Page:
Tuesday, June 20, 2006

The Check Is in the Mail: Why Darwinism Fails to Inspire Confidence

Author: Robert C. Koons, Professor of Philosophy - UT Austin

"Darwinism owes its present dominance to the widespread misperception that it has refuted the design argument." This is both the first sentence of this article, and its overarching argument. This is one of my favorite essays in the collection.

When he mentions the design argument, he is not talking about the rather recent movement known as Intelligent Design. Rather, he is mentioning the longstanding and natural human ability to recognize intelligence and design through ordinary sense data. His sources extend well into the annals of history. In fact, he makes the compelling argument for the fact that apart from our basic and rational mental ability to recognize intelligence and design we could not even recognize each other, or ourselves, as intelligent beings.

His main point, however, is that Darwinism, as a scientific project, has yet to empirically establish itself. Koons sets forth a five-step process by which Darwinism could legitimately, and empirically, defeat the design argument. He explains that Darwinism has only achieved the second step in that process and therefore has established nothing. To be fair, the Intelligent Design project has also only achieved the second step. Mankind is simply unable, at this point, to sufficiently explain genetics to empirically legitimize either theory. In the absence of such evidence, normal and rational human intellect identifies design in nature, Darwinism needs appropriate evidence to indicate otherwise.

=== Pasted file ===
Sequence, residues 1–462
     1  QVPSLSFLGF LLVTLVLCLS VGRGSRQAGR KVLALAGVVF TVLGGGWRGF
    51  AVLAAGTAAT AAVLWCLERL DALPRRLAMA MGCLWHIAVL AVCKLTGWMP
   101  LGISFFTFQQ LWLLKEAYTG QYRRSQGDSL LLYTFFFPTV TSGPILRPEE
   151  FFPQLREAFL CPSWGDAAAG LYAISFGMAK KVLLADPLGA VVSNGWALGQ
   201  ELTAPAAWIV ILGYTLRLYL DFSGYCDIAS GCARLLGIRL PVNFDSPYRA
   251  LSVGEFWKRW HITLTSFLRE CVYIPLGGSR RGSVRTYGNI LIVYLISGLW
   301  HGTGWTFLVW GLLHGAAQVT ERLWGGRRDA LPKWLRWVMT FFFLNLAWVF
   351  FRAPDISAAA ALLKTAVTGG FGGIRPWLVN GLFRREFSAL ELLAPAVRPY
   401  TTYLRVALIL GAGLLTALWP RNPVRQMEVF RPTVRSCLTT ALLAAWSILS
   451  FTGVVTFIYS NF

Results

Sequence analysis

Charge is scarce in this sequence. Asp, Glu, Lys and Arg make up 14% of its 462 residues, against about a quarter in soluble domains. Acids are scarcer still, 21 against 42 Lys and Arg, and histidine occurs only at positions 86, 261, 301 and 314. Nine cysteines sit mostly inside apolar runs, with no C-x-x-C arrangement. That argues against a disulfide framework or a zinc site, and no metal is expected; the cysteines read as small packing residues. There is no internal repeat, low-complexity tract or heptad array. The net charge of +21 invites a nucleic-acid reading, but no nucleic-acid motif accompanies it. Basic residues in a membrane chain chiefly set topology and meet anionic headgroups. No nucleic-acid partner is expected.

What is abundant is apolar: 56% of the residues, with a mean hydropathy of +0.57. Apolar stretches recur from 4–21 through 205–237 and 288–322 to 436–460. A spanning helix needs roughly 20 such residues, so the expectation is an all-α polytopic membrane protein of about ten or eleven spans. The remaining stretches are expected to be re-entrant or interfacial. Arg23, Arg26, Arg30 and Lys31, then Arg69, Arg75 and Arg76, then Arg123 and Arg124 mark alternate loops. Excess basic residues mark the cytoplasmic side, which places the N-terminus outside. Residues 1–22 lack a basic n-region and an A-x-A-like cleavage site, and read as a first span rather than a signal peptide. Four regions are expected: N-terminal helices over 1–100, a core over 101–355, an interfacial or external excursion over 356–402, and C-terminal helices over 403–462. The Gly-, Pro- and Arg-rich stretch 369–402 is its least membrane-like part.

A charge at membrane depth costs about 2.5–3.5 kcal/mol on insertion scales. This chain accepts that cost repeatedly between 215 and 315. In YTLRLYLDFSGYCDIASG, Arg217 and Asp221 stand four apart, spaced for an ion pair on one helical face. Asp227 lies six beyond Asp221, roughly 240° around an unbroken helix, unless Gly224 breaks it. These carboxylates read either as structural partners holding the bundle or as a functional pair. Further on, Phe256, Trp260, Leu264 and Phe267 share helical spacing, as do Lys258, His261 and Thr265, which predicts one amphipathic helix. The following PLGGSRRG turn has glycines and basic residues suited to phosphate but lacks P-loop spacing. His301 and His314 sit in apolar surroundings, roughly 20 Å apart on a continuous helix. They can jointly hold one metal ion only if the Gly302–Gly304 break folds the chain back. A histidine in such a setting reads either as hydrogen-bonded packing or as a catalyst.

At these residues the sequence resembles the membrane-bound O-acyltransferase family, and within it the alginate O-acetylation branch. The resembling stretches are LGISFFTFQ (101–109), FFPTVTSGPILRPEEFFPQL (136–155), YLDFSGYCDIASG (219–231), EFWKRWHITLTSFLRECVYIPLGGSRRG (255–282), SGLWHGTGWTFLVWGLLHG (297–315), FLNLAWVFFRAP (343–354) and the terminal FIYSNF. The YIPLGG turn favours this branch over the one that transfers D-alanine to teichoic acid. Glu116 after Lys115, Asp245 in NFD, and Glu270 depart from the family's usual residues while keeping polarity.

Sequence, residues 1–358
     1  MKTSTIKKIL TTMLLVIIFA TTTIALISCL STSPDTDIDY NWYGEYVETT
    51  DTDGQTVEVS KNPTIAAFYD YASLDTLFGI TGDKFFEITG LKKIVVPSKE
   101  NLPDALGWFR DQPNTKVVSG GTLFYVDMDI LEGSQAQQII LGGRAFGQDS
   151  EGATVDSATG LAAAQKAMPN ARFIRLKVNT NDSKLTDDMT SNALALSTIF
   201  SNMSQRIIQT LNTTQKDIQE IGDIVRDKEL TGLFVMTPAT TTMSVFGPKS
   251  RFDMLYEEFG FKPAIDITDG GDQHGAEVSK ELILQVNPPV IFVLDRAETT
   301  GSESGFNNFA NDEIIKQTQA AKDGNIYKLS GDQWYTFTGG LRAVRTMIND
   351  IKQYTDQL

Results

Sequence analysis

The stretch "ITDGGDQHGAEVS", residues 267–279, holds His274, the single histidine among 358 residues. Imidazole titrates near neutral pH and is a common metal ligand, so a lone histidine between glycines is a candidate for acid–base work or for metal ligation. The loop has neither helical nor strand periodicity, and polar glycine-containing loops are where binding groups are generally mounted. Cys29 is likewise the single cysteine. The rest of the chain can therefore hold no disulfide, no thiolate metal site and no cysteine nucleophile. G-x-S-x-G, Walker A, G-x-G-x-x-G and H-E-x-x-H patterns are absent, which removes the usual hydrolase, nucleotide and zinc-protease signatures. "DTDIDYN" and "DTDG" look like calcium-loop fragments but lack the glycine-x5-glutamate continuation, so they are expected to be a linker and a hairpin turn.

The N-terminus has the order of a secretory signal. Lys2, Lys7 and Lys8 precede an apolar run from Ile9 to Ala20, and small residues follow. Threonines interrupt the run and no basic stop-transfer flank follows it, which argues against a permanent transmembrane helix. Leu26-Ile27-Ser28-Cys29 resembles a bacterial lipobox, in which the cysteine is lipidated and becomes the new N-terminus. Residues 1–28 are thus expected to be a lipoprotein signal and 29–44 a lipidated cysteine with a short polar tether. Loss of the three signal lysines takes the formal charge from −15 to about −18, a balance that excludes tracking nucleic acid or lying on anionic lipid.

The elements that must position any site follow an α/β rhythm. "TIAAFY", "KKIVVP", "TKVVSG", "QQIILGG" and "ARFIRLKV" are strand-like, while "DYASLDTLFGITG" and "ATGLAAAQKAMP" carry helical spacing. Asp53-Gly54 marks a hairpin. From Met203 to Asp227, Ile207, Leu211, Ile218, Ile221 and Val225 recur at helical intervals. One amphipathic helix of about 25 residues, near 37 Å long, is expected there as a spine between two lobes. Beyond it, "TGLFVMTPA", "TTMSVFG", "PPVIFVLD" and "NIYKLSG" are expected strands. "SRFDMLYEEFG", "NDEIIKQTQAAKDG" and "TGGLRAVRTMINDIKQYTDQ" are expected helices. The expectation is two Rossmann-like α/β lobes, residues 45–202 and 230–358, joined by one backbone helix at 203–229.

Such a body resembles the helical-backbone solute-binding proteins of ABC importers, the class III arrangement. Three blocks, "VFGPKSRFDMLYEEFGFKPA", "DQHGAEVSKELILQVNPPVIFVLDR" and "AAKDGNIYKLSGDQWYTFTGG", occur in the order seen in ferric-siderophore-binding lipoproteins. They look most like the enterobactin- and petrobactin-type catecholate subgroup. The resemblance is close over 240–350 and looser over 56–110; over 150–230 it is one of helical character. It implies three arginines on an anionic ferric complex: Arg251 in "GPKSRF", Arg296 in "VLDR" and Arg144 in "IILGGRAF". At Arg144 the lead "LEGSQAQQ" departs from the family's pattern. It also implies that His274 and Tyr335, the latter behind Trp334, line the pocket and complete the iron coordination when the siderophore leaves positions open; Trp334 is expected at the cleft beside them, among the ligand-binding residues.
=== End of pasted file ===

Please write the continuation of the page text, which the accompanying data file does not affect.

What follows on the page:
"We're still waiting for Darwin's Newton: for a theorist who can take Darwin's proposal and produce even one hypothesis which specifies, step by step, the genetic changes that had to take place, the embryological alterations that these changes produce, and the quantifiable selective pressures that enable each new step to reach a significant proportion of the population."
Koons has done an excellent job in this article. This is well worth the read for anyone and everyone interested in this debate.


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